There is no substantial dispute of fact. As made clear by the testimony of Fanwood’s Chief of Police, the department, as a matter of policy and by way of a formal program, cooperates with local businesses in making off-duty officers available to them at their expense for the performance of guard and security duties. The Police Chief first reviews each request for the services of an off-duty officer in order to determine the acceptability of the offered [**125] hourly wage, n1 the nature of the services to be performed, and the appropriateness of their performance by an off-duty officer. Approved requests are then posted at headquarters, and [***3] officers who desire the employment sign up for it. The police captain then makes the specific assignments on a rotational seniority basis.

n1 At the time petitioner was injured, A & P paid the officers $ 10 an hour. The Department’s arrangement with A & P was thereafter terminated when A & P declined to accede to the Chief’s request that the wage be raised to $ 15 an hour in order to achieve parity with general police salaries.

[*455] Petitioner had signed up for the A & P job, which required a fully uniformed and armed officer on the premises between 4 p.m. and midnight daily, and he had worked there at least several times a week for about a year-and-a-half before the accident. His specific duties were assigned upon his arrival, generally including the checking of the loading area and escorting cashiers to the store’s vault. He was generally, however, hired to provide a deterrent police presence and, as he described it, “I felt I was there as a police officer to enforce any laws that I might see violated.” [***4] According to the Chief of Police, an officer performing such a private special assignment was nonetheless an off-duty officer and as such was required to respond to a crime taking place in his presence and to arrest the suspect. Thus, if he sees what he perceives to be a crime taking place, it is within his authorization and duty to attempt to stop that crime and to arrest the individual; is that correct?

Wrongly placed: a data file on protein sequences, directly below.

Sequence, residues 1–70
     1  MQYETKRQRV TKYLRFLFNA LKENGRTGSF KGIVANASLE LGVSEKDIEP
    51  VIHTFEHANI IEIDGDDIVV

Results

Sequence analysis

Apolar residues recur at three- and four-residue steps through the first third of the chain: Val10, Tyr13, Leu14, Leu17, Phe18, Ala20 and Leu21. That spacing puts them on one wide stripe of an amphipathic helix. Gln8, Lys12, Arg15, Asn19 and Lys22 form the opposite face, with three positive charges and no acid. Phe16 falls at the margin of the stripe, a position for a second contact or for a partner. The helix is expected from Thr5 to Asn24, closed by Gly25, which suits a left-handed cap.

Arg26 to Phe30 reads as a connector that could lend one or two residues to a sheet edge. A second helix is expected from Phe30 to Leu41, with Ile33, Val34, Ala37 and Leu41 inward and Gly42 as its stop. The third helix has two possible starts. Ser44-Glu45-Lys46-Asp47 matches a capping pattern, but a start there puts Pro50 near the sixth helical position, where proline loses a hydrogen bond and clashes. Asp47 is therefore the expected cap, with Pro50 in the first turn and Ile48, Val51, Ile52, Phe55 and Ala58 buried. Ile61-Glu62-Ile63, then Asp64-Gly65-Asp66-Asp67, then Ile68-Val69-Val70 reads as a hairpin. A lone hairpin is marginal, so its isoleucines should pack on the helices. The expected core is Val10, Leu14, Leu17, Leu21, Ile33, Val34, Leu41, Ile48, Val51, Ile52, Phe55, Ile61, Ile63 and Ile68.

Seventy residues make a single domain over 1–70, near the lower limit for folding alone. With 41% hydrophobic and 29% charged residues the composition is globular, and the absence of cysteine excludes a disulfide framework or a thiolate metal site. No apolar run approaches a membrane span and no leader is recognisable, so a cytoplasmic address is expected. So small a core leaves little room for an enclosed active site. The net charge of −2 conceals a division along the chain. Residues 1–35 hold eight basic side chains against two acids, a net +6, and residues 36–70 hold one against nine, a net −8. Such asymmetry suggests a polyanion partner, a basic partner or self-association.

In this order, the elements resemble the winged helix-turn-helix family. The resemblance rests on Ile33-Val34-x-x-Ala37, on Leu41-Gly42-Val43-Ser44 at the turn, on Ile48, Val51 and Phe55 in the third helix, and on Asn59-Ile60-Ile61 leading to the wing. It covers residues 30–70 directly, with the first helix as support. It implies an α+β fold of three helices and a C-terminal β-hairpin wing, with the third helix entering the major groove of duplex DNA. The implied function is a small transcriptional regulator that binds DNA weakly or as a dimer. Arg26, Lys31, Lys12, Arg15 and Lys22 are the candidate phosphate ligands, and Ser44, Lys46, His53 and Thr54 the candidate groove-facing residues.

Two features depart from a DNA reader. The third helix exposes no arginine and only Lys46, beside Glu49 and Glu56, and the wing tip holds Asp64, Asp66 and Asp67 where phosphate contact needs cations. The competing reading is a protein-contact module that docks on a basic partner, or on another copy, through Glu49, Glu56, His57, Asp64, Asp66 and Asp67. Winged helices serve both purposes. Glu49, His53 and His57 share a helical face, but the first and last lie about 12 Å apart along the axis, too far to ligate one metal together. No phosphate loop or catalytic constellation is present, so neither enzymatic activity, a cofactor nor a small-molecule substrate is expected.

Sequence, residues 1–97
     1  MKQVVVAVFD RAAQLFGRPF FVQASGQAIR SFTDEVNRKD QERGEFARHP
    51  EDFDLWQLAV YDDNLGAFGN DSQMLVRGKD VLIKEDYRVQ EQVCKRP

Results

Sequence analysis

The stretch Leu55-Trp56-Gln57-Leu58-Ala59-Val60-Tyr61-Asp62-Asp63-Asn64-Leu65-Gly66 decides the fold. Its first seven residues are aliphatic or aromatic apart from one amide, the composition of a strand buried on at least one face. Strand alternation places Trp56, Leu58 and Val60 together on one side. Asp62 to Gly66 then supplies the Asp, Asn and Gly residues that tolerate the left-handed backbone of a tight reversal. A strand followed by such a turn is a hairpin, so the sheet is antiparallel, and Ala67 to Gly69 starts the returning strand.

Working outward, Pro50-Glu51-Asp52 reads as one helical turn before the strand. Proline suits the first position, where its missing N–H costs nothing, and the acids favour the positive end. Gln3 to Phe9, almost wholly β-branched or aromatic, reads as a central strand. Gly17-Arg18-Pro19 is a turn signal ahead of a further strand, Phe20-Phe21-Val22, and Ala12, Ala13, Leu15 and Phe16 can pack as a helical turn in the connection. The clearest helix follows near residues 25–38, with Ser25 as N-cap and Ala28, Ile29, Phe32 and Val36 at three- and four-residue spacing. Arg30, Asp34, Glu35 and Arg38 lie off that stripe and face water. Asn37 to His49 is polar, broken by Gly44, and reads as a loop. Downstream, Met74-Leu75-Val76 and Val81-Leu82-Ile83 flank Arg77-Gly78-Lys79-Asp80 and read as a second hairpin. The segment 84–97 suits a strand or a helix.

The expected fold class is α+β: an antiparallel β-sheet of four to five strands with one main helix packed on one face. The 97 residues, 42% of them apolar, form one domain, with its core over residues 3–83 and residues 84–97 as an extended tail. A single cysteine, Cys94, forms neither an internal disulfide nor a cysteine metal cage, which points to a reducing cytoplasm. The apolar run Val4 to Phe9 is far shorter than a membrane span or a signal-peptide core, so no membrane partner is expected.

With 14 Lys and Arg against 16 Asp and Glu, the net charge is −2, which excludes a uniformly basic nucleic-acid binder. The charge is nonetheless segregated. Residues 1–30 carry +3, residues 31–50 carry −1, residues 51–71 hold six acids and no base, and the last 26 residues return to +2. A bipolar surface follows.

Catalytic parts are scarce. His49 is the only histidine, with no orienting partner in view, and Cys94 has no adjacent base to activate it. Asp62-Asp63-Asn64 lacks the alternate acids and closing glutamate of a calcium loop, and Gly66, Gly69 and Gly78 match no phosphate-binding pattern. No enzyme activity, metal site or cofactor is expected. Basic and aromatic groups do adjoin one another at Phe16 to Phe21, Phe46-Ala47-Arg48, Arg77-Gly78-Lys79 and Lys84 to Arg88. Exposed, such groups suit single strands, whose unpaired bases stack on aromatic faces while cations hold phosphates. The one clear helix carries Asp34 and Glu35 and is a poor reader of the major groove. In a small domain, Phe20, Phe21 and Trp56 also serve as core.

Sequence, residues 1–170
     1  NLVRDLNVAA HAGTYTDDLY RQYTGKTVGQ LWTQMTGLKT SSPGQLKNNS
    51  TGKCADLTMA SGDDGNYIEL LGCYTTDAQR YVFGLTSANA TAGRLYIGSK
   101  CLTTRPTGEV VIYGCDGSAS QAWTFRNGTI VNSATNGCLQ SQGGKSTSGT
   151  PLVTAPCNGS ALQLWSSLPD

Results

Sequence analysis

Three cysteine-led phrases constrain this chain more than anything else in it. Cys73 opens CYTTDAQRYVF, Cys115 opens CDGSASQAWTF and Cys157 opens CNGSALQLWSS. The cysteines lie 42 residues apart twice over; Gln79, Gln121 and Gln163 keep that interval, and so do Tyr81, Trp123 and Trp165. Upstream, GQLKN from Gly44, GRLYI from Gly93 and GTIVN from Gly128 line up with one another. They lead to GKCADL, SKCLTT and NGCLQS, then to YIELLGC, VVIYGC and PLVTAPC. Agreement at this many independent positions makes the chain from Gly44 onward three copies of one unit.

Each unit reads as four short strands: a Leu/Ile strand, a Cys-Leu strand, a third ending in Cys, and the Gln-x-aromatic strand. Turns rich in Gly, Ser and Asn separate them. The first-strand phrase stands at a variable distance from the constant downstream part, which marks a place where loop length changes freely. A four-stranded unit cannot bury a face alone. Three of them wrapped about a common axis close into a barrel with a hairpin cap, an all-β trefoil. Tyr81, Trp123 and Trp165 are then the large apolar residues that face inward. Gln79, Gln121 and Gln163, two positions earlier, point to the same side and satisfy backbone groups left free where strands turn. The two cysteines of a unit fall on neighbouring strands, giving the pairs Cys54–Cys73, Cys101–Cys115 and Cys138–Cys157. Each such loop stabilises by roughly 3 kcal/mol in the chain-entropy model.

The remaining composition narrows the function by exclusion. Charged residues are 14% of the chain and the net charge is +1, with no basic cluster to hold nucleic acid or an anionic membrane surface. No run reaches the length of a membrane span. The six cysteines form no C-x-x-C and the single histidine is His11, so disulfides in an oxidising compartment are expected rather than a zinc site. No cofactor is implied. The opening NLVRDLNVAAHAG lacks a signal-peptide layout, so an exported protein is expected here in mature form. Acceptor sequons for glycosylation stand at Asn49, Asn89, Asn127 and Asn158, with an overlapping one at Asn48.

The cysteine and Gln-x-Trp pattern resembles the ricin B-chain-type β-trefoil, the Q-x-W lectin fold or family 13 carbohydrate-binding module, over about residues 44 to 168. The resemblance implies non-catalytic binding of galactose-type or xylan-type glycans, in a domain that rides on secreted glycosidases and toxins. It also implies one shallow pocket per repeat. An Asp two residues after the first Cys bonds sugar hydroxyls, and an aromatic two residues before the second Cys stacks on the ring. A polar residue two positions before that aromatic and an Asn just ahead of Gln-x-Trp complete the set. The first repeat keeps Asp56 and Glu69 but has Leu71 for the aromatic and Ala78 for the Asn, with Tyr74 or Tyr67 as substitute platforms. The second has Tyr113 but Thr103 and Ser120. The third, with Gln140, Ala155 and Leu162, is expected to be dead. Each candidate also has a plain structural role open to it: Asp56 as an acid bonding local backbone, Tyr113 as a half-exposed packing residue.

A. That’s his sworn duty, yes.

***Q. And if Officer Domanoski were in the process of arresting an individual, patting a man down, placing a handcuffed or person’s hands on his hips, that would be within his police duty, would it not?

A. Yes, sir.

Q. And would it also be correct that the instructions on how to arrest, how to pat down, how to bring somebody into the police station, are all those directions derived directly from the Borough of Fanwood and from the police academy?

A. Yes, sir.

On December 18, 1985, as petitioner was providing what he described as internal security in the store, he saw a patron take a package of meat out of a display case and hide it on his person. He apprehended the thief, and in the course of patting him down, he wrenched his back, [***5] ultimately requiring surgery for a herniated disc. He sought workers’compensation from both Fanwood and A & P, and these proceedings ensued.

It is well settled in this jurisdiction that for workers’compensation purposes an employee may be simultaneously employed by more than one employer, either because of the [*456] employee’s separate contracting with multiple employers or because his general employer has “lent” him to a special employer. See generally Knight v. Cohen, 56 N.J.Super. 516 (App.Div.1959), aff’d 32 N.J. 497 (1960); Conway v. Mister Softee, 93 N.J.Super. 286 (App.Div.1967), aff’d 51 N.J. 254 (1968); Blessing v. T. Shriver and Co., 94 N.J.Super. 426 (App.Div.1967); Andersen v. Well-Built Homes of Central Jersey, Inc., 69 N.J.Super. 246 (App.Div.1961); Cser v. Silverman, 50 N.J.Super. 125 (App.Div.1958); Scott v. Public Services Interstate Transp. Co., 6 N.J.Super. 226 (App.Div.1950); Chickachop v. Manpower, Inc., 84 N.J.Super. 129, 136 (Law Div.1964). [***6] The question to be determined in the dual employment situation is whether, at the time of the injury, the petitioner was, as a factual matter, the employee of one or the other or both of the employers.